The European Central Bank once again raised interest rates by 25 basis points, in what money managers expect will be the last hike in the cycle.
The governing council of the ECB decided to raise the ECB's three key interest rates by 25 basis points each. The central bank revised upward its projections for average inflation in 2023 to 5.6%, vs. a 5.1% forecast communicated in June; and to 3.2% for 2024, up from 3% in June. The 2025 inflation projection was revised downward to 2.1% from 2.3%. The upward revisions mainly reflect "a higher path for energy prices," a news release said.
The ECB said interest rate increases "continue to be transmitted forcefully," and, as such, the ECB revised downward its projections on eurozone growth in 2023 to 0.7%, vs. 0.9% in the June communication; by 1% in 2024, vs. 1.5% previously; and by 1.5% in 2025, down from 1.6%.
"The governing council's future decisions will ensure that the key ECB interest rates will be set at sufficiently restrictive levels for as long as necessary," the ECB added.
Money managers largely expect the September hike to be the ECB's last, with interest rates on the main refinancing operations, marginal lending facility and the deposit facility at 4.5%, 4.75% and 4%, respectively, starting Sept. 20.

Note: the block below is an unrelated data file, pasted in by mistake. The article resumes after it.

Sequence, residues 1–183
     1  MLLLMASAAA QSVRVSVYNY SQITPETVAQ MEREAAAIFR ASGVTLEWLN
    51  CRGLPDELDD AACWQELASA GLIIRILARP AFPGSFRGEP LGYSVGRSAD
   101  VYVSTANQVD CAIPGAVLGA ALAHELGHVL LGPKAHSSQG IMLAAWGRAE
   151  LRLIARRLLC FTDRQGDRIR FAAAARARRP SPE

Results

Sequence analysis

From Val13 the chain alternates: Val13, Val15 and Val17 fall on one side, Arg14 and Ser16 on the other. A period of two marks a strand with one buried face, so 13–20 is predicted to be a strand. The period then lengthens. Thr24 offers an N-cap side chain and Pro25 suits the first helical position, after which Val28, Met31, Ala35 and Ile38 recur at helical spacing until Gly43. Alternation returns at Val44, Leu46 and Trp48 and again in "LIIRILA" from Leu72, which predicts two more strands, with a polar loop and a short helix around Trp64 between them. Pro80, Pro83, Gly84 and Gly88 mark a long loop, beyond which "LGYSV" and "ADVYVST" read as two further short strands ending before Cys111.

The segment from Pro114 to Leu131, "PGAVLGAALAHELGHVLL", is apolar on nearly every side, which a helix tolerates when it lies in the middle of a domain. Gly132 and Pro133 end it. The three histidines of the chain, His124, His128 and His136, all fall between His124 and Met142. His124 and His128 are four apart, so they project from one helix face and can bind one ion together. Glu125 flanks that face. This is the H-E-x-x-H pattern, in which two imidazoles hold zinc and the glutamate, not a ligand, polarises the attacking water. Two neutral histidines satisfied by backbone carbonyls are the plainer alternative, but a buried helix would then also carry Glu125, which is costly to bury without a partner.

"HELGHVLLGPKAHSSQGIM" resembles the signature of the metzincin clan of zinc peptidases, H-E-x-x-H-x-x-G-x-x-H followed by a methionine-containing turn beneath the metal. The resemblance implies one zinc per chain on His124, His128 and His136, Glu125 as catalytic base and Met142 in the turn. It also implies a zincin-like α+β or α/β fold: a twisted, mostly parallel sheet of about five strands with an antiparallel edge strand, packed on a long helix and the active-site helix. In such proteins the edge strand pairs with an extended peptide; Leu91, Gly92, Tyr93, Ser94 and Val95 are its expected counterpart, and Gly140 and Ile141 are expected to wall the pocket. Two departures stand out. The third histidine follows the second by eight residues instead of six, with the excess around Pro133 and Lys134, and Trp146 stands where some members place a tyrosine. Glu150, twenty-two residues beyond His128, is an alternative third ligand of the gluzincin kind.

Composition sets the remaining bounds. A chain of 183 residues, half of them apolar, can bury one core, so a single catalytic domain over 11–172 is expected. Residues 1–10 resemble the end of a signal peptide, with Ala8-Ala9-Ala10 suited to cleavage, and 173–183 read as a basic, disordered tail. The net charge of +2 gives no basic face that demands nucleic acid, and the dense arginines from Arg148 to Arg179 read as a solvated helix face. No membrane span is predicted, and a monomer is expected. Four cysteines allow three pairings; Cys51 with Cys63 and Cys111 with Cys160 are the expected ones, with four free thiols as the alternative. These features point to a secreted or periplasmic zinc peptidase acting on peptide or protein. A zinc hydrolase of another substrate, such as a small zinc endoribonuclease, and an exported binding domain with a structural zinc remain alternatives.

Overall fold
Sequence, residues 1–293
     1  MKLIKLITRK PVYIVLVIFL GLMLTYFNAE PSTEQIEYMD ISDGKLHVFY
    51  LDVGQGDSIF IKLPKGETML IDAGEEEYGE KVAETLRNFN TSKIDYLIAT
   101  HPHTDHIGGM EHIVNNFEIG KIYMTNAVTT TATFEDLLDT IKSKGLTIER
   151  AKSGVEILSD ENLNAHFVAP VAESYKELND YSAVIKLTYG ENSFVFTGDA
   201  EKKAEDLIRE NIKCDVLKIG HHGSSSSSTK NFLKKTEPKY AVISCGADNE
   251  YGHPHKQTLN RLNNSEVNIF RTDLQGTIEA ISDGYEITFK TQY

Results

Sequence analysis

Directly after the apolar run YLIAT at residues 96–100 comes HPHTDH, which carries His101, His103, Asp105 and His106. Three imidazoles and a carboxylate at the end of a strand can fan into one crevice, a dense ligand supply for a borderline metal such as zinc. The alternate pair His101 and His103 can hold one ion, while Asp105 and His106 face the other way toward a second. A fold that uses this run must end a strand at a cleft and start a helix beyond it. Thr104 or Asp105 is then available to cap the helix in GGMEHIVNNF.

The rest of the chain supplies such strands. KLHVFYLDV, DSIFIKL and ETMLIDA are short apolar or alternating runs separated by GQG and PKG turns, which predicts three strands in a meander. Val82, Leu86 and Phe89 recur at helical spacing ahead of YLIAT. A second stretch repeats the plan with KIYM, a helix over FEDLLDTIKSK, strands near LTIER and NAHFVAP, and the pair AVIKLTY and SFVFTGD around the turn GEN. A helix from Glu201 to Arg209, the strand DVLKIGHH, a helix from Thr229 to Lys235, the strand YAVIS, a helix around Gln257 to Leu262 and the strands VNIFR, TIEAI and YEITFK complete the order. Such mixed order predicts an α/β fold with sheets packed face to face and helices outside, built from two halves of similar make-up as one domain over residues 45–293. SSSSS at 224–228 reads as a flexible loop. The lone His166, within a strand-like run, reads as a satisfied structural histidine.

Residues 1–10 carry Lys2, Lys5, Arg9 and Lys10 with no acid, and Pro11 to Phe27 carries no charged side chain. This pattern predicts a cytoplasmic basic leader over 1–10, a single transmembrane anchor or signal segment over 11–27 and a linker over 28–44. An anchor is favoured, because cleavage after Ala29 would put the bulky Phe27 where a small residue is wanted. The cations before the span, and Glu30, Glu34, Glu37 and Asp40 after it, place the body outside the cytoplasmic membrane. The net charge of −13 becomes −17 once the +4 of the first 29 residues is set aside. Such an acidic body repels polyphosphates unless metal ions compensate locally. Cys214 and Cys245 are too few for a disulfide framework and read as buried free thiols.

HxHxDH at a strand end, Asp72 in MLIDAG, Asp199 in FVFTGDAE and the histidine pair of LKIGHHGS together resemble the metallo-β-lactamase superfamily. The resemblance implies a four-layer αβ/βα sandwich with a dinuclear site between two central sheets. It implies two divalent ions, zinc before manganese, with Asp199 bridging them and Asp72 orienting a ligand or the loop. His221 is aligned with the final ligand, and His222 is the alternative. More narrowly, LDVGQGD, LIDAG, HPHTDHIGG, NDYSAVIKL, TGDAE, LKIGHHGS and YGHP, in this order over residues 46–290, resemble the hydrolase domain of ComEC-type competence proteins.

"Although the ECB didn't quite explicitly say 'we are at peak,' the change in guidance effectively points in that direction in our view," said Peter Goves, head of developed market debt sovereign research at MFS Investment Management, in an emailed comment. "We likely have rates on hold ahead of us now as opposed to ongoing hikes in our view. In other words, unless there is a decisive change in prevailing data trends, we think the ECB is more or less done."
The governing council's decision to increase "was a knife-edge decision," said Hussain Mehdi, macro and investment strategist at HSBC Asset Management, in an emailed comment. "Ultimately, however, lingering inflation and a robust labor market trumped considerations of a clearly stalling economy."
HSBC executives believe "there is a very good chance this is the last rate hike for the ECB," Mehdi said. "Policy is now at highly restrictive levels and leading indicators remain consistent with the bloc entering recession. Core inflation pressures are moderating on a sequential basis. International factors such as the Fed being in pause mode and China's macro challenges may also influence the ECB's stance at upcoming meetings."
And Seema Shah, chief global strategist at Principal Asset Management, said in a comment that the revised forecasts by the ECB "lay bare the tough dilemma facing the central bank: downward revisions to growth, but upward revisions to inflation. Yet, while this confusing picture set the backdrop for what was probably a heated debate within the governing council, future decisions will likely be more clear-cut. Indeed, although the ECB has left the door slightly ajar for further tightening, the fact that recession risks are rising once again likely means that this is the final hike," she said.